He also has to know his yeasts, as only certain varieties can survive long enough to pump his meads up to 13 or 14 percent ABV. And certain yeasts confer specific flavors to a beverage: Some yeasts produce beverages that are “clean and crisp,” Nottingham gives a cidery effect, and “Ringwood will give you a plum thing.”

If all that weren’t enough, then there’s the honey. Schramm has to have an expertise when it comes to the raw material mead is made from, especially when it comes to selecting “single-varietal” honeys, as bees may be trucked down to Florida to pollinate an orange grove, resulting in orange blossom honey. After their honey is harvested, these migratory pollinators might be trucked back to Michigan and placed in a location rich with star thistle, creating a much different type of honey.

Schramm has to be canny, and must get to know beekeepers very well. “I’m pretty selective. I’ve spent a lot of time trying to get to know who’s got what kind of honey supply. I’m usually buying from either beekeepers or collectives of beekeepers. … I basically spend a lot of time hanging out with beekeepers!” he says with more laughter. “So I’ve become a member of beekeeping clubs and attend conferences, which has allowed me to meet people and get connected. Once you get into those circles, people will direct you to good sources. It all helps you figure out which honeys have the kind of profile that will ferment out really well.”

Schramm is especially alert to beekeepers who adhere to best practices. Some beekeepers may, for instance, be heavy-handed with the application of chemicals, or maximize profits by harvesting too much honey before winter and leaving the bees to rely on sugar throughout winter, stressing the colony. Like a fine butcher looking for perfectly marbled beef, Schramm has become a connoisseur of fine honey.

He explains: “One thing becomes evident: A clean hive will present a floral aroma from its nectar source really well. When beekeepers haven’t done clean-up really well, honey can smell stale. You’re looking for a clean and bright honey, and you can smell honeys side-by-side and tell which is floral. Those bees that are in clean environment, what they present to you is true to their source.”

Again, with more laughter, Schramm tells of how he filled his basement with a “library” of jars of honey specimens, until his wife finally got on him to clean it out. Clearly, Schramm’s monomania can get the better of him.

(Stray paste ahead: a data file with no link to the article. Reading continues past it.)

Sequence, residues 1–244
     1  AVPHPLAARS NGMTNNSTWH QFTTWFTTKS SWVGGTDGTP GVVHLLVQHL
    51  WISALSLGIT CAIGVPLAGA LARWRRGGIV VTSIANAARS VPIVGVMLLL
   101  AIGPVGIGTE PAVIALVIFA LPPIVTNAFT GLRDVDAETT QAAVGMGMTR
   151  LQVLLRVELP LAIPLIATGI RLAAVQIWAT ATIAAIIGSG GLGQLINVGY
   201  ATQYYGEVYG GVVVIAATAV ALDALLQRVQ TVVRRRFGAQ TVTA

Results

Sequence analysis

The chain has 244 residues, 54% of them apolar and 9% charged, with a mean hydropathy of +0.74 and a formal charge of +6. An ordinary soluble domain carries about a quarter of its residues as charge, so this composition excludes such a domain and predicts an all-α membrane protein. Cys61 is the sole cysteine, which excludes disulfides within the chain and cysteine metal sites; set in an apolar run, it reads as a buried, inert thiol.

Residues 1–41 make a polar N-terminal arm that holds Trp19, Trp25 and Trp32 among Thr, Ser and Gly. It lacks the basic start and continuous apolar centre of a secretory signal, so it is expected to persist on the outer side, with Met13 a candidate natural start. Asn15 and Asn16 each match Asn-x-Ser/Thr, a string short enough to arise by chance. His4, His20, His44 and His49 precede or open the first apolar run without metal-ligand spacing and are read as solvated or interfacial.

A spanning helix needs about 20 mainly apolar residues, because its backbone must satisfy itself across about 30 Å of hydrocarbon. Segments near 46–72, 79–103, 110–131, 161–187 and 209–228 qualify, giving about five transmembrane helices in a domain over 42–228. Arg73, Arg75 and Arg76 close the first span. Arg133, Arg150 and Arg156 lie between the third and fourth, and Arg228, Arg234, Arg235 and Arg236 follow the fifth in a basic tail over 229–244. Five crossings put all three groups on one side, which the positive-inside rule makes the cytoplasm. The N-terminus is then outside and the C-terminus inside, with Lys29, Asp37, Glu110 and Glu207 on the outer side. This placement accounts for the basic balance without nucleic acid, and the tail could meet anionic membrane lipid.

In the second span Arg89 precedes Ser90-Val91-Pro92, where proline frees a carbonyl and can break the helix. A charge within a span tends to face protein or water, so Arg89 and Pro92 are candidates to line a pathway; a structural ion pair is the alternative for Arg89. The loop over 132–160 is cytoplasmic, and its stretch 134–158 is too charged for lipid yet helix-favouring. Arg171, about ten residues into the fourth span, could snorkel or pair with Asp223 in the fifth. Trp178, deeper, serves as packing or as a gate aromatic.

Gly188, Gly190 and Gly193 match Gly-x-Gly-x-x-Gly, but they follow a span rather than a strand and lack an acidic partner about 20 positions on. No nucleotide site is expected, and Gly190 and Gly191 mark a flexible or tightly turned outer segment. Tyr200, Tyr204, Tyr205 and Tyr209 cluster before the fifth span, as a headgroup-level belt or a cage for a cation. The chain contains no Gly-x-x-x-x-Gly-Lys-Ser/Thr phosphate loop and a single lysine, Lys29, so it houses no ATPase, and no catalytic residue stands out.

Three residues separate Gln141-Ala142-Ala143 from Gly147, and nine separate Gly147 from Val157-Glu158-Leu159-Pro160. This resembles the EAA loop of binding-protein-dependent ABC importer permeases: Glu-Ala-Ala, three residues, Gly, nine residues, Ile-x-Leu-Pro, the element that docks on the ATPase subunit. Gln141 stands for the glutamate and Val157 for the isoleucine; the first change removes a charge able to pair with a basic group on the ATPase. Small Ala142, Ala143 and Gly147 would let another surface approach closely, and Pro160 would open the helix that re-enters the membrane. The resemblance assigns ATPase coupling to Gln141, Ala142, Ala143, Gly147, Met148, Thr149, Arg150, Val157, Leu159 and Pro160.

Building Buzz

Now, at 54, Schramm is finally getting into the production game. With laughing candor, he says, “I’ve had the books out for 10 years, and now I’m finally getting into the business when other people have had a five-year head start — and I’ve told them all my tricks! What kind of a businessman goes out and teaches everybody everything they need to know to be more successful than you are? Apparently that’s me.”

But he doesn’t really see it as competition so much as a scene poised to hit critical mass.

“The more good mead that’s out there, the whole industry benefits. Besides, there’s still a lot of room in mead, a potential variety as great as that of wine.”

But Schramm also has an ace up his sleeve, something that’s “really in a different slot” — his treasured Heart of Darkness mead, which retails at $100 for a 375-milliliter bottle.

“It’s made with a Belgian variety of cherries called Schaarbeek, the Belgian cherry that was used in Lambics. When I started brewing back in the 1980s, I got really enamored of Belgian Lambic beers and set out to find that cherry.”

With these special cherries as its base, Schramm adds in red raspberries and black currants, crafting it deliberately to reach a level of complexity and enjoyability that he says rivals spectacular wines.

“I was trying to find something as beguiling as a first-growth Bordeaux and knew I was going to have to come up with something that’s got real depth of flavor, that makes you shift back. And Heart of Darkness creates what I call the ‘involuntary wow.’ I’ve heard two people tell me, ‘That’s the best thing I’ve ever put in my mouth.’ And that, to me, is the very best thing I can hear.”

But isn’t the literary reference a little bleak? A story about death? Schramm laughs again.

“Well,” he says, with a telltale snicker, “I do terminate bottles with extreme prejudice.”

Schramm’s Mead is at 327 W. Nine Mile Rd., Ferndale; 248-439-5000;

About The Author

Michael Jackman

Born in 1969 at Mount Carmel hospital in Detroit, Jackman grew up just 100 yards from the Detroit city line in east Dearborn. Jackman has attended New York University, the School of Visual Arts, Northwestern University and Wayne State University, though he never got a degree. He has worked as a bar back, busboy,...